YERINGTON, Nev. — A vast area of land along the Walker River that for 152 years has been privately owned is expected to soon be transferred to the state to become Nevada’s newest park.

The newly minted 19-square-mile (49-square-kilometer) Walker River State Recreation Area is the largest single acquisition ever for Nevada state parks officials. It includes about 28 miles (45 kilometers) of waterfront land.

The property has been in private hands since before Nevada became a state, but state officials earlier this week notified Gov. Brian Sandoval and the Board of Examiners that lawmakers will soon be asked to approve an agreement to accept the land.

“This is going to be an incredible destination,” Sandoval said. “This is a generational opportunity.”

The transfer of the land that will become the state park is valued at more than $8 million and comes at no charge to the state. The Legislature’s Interim Finance Committee will consider the request at its meeting on June 20.

The lands were acquired through the efforts of the National Fish and Wildlife Foundation to secure water rights to protect and preserve Walker Lake, which lies downstream.

Sandoval signed a bill into law on Monday providing funding for the new recreation area totaling $8 million in ongoing and one-time funds to open and operate the park.

The property includes prime fishing habitat and historical structures, including a stagecoach stop that predates Nevada statehood, Sandoval said. It’s located on the former Flying M, Rafter 7 and Pitchfork ranches and includes the Nine Mile area, which is known for trophy trout.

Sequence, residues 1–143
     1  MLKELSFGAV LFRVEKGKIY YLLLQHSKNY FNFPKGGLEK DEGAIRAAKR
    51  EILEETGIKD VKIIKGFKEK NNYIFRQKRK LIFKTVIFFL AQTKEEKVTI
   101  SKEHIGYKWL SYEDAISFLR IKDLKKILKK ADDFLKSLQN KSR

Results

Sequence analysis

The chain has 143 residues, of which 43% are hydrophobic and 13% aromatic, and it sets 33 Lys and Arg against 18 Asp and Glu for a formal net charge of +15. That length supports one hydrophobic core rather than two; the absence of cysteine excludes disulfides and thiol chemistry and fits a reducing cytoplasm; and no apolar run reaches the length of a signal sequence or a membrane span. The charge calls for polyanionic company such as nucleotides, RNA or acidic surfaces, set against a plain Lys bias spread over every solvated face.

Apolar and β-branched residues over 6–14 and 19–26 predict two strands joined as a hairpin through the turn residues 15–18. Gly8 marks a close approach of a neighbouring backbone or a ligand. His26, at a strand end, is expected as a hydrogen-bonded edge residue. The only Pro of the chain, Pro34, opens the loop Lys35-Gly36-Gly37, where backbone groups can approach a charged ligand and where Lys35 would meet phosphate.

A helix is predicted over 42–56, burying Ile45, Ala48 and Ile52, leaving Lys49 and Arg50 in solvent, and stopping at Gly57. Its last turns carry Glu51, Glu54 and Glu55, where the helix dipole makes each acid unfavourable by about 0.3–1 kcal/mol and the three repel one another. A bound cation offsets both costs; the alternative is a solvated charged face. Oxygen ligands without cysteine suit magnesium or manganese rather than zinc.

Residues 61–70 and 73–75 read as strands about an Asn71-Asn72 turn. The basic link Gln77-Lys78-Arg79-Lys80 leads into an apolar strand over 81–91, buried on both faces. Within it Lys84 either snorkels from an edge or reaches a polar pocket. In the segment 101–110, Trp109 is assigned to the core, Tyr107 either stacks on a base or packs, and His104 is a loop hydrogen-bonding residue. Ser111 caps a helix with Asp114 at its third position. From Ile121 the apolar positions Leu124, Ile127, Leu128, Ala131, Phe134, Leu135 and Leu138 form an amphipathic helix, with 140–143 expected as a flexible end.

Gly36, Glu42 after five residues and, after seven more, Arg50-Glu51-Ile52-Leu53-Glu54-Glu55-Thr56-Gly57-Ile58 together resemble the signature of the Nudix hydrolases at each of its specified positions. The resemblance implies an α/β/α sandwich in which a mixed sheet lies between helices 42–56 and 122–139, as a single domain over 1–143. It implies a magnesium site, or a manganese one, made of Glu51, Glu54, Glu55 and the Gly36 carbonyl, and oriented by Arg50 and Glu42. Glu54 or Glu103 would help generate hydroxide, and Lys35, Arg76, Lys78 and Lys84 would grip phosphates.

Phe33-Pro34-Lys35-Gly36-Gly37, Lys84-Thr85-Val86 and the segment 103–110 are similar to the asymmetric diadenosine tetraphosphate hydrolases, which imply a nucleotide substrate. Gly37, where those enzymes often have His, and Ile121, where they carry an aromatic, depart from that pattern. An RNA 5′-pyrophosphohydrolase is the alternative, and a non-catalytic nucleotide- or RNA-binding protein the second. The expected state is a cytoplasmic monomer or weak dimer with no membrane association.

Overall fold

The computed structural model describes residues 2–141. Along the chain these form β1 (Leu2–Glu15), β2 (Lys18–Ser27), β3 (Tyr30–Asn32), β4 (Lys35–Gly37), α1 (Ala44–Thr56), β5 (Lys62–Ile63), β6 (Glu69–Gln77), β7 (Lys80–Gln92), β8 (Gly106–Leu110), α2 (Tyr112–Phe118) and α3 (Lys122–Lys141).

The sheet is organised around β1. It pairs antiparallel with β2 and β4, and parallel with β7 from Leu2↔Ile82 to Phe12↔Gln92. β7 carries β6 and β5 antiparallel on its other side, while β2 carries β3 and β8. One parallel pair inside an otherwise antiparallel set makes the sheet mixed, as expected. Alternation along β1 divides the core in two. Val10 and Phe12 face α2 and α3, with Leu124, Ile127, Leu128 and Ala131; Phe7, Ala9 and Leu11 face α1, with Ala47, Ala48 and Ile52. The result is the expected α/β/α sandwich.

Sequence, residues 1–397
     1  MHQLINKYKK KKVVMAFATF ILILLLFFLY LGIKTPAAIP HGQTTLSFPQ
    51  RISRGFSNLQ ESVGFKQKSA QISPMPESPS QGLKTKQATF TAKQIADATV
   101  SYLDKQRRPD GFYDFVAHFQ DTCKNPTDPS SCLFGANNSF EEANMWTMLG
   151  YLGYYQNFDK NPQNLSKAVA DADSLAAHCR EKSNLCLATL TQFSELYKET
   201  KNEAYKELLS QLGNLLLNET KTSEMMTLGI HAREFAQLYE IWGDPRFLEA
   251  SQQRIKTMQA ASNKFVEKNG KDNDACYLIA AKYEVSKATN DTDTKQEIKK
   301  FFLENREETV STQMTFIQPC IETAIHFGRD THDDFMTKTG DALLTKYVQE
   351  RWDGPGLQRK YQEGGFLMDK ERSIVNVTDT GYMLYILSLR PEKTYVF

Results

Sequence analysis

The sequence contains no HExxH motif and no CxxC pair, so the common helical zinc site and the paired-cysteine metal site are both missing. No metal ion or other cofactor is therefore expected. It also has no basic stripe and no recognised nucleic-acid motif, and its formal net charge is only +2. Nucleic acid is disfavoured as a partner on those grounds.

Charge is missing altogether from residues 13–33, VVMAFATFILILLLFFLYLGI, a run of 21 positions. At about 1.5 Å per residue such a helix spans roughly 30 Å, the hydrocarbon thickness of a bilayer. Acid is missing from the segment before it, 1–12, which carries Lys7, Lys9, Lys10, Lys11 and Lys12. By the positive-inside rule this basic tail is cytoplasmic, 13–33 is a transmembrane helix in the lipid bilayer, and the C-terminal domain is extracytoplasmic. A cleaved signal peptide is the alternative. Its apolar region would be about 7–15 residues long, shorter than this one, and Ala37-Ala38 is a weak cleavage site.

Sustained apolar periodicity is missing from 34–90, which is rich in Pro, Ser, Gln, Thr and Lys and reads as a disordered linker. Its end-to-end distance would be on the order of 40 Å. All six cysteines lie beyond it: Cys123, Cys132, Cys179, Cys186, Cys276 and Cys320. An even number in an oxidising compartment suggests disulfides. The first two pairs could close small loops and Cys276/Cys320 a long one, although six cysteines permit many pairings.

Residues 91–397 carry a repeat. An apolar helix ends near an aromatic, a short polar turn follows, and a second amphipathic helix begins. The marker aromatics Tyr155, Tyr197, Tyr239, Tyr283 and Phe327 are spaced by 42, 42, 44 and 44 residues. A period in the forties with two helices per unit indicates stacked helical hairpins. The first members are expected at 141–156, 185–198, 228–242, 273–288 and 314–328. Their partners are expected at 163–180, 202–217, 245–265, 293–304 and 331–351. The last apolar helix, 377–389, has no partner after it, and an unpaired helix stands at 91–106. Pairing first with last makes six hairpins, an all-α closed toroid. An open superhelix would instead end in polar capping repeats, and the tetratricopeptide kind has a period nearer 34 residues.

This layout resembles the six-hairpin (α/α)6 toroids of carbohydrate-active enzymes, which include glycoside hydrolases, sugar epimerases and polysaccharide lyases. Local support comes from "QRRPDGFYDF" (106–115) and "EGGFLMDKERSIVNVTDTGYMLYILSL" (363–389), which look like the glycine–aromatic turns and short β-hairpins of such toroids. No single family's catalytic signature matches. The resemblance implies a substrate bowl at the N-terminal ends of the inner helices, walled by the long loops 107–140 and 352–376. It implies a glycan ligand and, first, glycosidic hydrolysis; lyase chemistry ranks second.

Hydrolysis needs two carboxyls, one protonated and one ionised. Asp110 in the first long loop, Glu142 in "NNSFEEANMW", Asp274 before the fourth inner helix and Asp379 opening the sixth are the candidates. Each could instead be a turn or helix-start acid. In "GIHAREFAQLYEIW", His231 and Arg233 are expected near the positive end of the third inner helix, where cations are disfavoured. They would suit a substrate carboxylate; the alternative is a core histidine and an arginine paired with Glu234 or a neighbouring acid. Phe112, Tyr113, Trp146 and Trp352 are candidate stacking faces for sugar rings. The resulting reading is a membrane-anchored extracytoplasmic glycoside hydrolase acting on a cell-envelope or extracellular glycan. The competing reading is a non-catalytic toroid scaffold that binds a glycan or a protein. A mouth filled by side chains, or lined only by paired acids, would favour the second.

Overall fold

“One of our major goals is to protect that very pristine riparian environment,” said Eric Johnson, director of Nevada State Parks.

Although it won’t be Nevada’s largest state park, Johnson said it’s the most the state parks system has received and attempted to develop at one time.

In coming weeks, the state will complete the land-transfer process and begin developing the park.

Johnson said there will be areas designated for developed and primitive camping. There will be access to the river for boating and fishing. There will also be access to adjacent U.S. Bureau of Land Management property for off-highway vehicle use. He anticipates walking trails by the river and areas for equestrian use away from the water. There will also be hunting for waterfowl and upland birds in specified areas.

The state will begin designating public access areas as soon as fall of this year.